PNFS block server setup
From Linux NFS
A block-layout-based pNFS server was recently merged into the Linux kernel. It should be used carefully--see WARNINGS below.
To use it, you need:
- a kernel version at least 4.0 built with CONFIG_NFSD_PNFS,
- similarly recent nfs-utils on the server (not officially released as of this writing; need at least c08f1382e5609bc686c3df95ff1e267804b37a61 from steved's git tree), and
- a shared block device that the server and clients can all access.
Format the block device with an xfs filesystem, export it with the "pnfs" export option, and start the nfs server, and create an /sbin/nfsd-recall-failed as described in the second WARNING below.
On the client: start the blkmap daemon. (On fedora: systemctl enable nfs-blkmap and systemctl start nfs-blkmap). Then mount with nfs-version at least 4.1.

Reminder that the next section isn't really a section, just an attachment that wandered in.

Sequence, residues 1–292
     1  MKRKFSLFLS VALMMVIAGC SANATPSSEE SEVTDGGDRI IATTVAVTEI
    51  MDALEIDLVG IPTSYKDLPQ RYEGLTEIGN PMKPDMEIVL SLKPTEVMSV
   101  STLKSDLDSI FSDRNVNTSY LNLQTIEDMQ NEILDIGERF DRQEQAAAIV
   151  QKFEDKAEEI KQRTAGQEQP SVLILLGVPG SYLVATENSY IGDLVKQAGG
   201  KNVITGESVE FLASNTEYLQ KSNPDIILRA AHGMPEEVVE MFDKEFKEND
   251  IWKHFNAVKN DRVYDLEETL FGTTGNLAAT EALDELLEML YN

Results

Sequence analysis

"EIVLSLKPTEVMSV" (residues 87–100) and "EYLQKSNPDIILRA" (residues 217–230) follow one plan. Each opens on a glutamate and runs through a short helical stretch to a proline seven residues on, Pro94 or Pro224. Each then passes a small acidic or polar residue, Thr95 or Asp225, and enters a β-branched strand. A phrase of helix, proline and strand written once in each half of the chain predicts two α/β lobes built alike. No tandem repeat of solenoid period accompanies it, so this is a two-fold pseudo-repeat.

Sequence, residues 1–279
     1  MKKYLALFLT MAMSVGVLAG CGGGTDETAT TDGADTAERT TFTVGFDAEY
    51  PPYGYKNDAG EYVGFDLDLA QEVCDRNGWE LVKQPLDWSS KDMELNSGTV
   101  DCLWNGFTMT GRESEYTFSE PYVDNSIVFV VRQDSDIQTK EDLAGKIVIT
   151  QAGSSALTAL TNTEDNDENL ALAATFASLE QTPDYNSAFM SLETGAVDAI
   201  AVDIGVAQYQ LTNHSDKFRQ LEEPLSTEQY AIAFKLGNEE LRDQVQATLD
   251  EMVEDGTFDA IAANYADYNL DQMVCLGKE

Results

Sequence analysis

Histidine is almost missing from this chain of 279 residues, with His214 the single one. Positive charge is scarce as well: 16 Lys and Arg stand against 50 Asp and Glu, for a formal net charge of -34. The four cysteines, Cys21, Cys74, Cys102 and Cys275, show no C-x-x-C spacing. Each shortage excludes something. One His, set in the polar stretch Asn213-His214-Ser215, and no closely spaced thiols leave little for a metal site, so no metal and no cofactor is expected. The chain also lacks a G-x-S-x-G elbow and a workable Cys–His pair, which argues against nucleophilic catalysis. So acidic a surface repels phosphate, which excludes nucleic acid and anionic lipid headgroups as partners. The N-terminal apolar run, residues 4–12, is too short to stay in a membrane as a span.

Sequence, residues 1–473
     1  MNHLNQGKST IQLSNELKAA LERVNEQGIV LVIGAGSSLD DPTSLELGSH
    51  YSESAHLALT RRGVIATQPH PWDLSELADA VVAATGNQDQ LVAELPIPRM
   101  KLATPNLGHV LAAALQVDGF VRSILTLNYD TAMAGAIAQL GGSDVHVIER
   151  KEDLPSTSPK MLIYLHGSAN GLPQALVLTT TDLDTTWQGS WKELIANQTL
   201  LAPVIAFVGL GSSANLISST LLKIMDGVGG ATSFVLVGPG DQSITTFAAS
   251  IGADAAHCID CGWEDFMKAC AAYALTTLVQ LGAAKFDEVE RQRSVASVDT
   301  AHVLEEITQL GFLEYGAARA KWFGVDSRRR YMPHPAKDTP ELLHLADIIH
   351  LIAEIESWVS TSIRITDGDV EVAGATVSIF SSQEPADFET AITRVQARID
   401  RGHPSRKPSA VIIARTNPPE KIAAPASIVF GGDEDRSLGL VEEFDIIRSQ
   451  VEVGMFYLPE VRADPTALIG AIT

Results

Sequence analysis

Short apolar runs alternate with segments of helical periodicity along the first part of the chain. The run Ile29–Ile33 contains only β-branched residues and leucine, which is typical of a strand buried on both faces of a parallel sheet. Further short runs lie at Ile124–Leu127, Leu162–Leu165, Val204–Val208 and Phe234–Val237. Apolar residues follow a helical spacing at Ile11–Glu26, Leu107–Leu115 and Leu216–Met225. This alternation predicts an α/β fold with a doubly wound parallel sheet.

The client will then perform reads and writes to regular files by reading or writing directly to the block device rather than by sending NFS reads and writes to the server. Things are probably working if you can see LAYOUTGET calls in /proc/self/mountstats.
- The client figures out which block device to write to by looking at the content of the block device. It may choose incorrectly, for example, if the client also has access to snapshots of the same filesystem. THIS MAY CORRUPT YOUR DATA.
- The server needs to be able to revoke client's direct access to data in cases where, for example, multiple clients need simultaneous access. If the client is unresponsive to requests to do this by normal NFS callbacks, the server must be able to forcibly fence the client's access. To make this work you must provide a /sbin/nfsd-recall-failed script which knows how to fence clients. See Documentation/filesystems/nfs/pnfs-block-server.txt for details. Failure to do this may again CORRUPT YOUR DATA.